3 years ago

Mapping eQTL by leveraging multiple tissues and DNA methylation

Mapping eQTL by leveraging multiple tissues and DNA methylation
Kouros Owzar, Andrew S. Allen, Chaitanya R. Acharya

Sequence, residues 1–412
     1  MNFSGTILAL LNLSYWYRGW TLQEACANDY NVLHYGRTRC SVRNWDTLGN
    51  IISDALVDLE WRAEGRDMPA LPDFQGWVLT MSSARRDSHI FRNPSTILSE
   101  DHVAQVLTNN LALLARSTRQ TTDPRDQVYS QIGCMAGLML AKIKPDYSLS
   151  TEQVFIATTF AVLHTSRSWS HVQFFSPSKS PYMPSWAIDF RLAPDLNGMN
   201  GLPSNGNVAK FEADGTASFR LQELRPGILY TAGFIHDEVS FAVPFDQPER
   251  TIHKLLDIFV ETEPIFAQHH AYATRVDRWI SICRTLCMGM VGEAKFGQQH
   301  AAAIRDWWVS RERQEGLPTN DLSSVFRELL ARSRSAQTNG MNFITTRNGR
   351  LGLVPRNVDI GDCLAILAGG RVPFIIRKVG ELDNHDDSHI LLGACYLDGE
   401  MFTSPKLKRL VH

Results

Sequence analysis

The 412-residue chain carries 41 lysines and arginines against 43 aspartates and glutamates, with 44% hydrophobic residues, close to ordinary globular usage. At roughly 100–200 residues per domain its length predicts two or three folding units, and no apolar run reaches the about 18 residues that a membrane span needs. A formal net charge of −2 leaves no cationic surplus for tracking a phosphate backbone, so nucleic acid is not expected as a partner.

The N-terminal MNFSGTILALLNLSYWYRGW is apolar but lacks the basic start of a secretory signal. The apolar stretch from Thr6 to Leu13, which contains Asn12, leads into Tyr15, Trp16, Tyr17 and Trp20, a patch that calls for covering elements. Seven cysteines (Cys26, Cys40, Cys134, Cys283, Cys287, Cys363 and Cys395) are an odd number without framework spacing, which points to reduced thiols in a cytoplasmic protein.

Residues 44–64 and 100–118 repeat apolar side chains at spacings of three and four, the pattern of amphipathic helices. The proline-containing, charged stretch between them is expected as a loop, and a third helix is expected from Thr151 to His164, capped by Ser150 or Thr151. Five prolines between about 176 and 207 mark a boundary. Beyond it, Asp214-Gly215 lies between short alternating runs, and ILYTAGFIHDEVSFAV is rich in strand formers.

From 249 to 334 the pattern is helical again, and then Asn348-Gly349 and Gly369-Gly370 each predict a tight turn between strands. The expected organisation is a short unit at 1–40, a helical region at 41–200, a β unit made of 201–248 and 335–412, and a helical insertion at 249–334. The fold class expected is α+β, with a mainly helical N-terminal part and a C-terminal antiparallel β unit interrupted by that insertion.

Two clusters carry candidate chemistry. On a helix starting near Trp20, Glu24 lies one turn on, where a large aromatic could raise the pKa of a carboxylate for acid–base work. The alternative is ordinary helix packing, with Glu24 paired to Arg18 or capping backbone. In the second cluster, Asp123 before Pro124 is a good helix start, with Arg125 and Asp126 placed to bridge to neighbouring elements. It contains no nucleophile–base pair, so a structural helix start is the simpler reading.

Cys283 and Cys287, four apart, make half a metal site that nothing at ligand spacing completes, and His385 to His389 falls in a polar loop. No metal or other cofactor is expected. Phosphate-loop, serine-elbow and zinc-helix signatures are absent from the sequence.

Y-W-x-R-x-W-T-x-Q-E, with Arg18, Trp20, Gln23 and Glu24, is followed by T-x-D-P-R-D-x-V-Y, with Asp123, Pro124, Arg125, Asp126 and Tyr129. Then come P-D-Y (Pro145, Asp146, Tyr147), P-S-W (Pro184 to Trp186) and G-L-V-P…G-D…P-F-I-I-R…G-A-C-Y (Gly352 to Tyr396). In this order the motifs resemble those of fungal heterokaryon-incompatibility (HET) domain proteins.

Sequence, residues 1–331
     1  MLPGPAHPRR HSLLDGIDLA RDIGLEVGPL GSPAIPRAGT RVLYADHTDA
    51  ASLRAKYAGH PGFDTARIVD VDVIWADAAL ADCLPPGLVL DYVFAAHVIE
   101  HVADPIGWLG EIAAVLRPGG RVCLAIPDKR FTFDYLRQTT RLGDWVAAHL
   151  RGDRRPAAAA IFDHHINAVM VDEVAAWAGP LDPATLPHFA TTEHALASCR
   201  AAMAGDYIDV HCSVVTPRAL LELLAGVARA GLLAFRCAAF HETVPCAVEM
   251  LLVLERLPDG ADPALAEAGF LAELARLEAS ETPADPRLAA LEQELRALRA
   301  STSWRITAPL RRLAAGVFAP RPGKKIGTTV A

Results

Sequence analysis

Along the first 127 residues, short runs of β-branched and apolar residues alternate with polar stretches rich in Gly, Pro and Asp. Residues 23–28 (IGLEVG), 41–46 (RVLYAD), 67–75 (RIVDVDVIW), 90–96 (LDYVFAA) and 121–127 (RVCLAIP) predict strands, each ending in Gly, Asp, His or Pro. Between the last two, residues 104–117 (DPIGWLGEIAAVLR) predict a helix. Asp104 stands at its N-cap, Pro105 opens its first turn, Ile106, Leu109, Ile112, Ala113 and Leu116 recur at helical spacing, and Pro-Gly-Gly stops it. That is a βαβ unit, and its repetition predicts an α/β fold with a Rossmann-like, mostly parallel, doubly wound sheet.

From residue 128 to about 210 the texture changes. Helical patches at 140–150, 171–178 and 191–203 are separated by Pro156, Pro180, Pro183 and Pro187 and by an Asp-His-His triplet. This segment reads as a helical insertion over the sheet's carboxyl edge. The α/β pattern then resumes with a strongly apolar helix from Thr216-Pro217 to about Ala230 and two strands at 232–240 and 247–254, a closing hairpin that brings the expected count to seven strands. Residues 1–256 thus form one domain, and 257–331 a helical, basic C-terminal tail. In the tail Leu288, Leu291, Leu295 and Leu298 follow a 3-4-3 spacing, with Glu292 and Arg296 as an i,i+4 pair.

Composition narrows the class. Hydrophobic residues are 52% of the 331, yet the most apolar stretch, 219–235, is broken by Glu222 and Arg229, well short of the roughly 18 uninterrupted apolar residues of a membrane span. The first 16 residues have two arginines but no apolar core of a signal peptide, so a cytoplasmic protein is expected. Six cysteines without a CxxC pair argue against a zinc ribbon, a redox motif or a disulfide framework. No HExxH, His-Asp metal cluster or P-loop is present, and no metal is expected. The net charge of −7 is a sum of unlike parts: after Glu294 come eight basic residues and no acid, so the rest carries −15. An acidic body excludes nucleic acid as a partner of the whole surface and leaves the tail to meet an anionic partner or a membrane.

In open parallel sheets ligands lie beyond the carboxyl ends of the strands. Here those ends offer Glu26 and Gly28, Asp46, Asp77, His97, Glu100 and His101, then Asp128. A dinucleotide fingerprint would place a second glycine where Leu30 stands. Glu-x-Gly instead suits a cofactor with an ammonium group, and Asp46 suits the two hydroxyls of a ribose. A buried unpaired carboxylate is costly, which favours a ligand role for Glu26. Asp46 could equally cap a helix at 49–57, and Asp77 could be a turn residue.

DNA methylation is an important tissue-specific epigenetic event that influences transcriptional regulation of gene expression. Differentially methylated CpG sites may act as mediators between genetic variation and gene expression, and this relationship can be exploited while mapping multi-tissue expression quantitative trait loci (eQTL). Current multi-tissue eQTL mapping techniques are limited to only exploiting gene expression patterns across multiple tissues either in a joint tissue or tissue-by-tissue frameworks. We present a new statistical approach that enables us to model the effect of germ-line variation on tissue-specific gene expression in the presence of effects due to DNA methylation. Our method efficiently models genetic and epigenetic variation to identify genomic regions of interest containing combinations of mRNA transcripts, CpG sites, and SNPs by jointly testing for genotypic effect and higher order interaction effects between genotype, methylation and tissues. We demonstrate using Monte Carlo simulations that our approach, in the presence of both genetic and DNA methylation effects, gives an improved performance (in terms of statistical power) to detect eQTLs over the current eQTL mapping approaches. When applied to an array-based dataset from 150 neuropathologically normal adult human brains, our method identifies eQTLs that were undetected using standard tissue-by-tissue or joint tissue eQTL mapping techniques. As an example, our method identifies eQTLs by leveraging methylated CpG sites in a LIM homeobox member gene (LHX9), which may have a role in the neural development. Our score test-based approach does not need parameter estimation under the alternative hypothesis. As a result, our model parameters are estimated only once for each mRNA - CpG pair. Our model specifically studies the effects of non-coding regions of DNA (in this case, CpG sites) on mapping eQTLs. However, we can easily model micro-RNAs instead of CpG sites to study the effects of post-transcriptional events in mapping eQTL. Our model’s flexible framework also allows us to investigate other genomic events such as alternative gene splicing by extending our model to include gene isoform-specific data.
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